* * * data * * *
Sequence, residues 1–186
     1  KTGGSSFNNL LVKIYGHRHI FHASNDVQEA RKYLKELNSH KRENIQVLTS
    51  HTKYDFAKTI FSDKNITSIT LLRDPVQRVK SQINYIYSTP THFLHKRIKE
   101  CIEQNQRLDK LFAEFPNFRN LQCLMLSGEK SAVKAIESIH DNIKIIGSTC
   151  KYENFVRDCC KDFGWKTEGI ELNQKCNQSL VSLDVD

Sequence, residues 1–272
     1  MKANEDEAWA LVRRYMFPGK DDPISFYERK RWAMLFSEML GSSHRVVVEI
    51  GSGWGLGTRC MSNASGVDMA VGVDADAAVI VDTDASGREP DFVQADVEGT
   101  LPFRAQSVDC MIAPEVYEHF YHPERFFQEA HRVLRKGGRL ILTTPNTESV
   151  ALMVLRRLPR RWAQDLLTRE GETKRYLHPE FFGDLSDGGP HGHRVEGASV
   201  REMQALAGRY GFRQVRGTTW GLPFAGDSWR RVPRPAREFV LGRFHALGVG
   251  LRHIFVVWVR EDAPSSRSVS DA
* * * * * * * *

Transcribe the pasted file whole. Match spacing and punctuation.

Sequence, residues 1–186
     1  KTGGSSFNNL LVKIYGHRHI FHASNDVQEA RKYLKELNSH KRENIQVLTS
    51  HTKYDFAKTI FSDKNITSIT LLRDPVQRVK SQINYIYSTP THFLHKRIKE
   101  CIEQNQRLDK LFAEFPNFRN LQCLMLSGEK SAVKAIESIH DNIKIIGSTC
   151  KYENFVRDCC KDFGWKTEGI ELNQKCNQSL VSLDVD

Sequence, residues 1–272
     1  MKANEDEAWA LVRRYMFPGK DDPISFYERK RWAMLFSEML GSSHRVVVEI
    51  GSGWGLGTRC MSNASGVDMA VGVDADAAVI VDTDASGREP DFVQADVEGT
   101  LPFRAQSVDC MIAPEVYEHF YHPERFFQEA HRVLRKGGRL ILTTPNTESV
   151  ALMVLRRLPR RWAQDLLTRE GETKRYLHPE FFGDLSDGGP HGHRVEGASV
   201  REMQALAGRY GFRQVRGTTW GLPFAGDSWR RVPRPAREFV LGRFHALGVG
   251  LRHIFVVWVR EDAPSSRSVS DA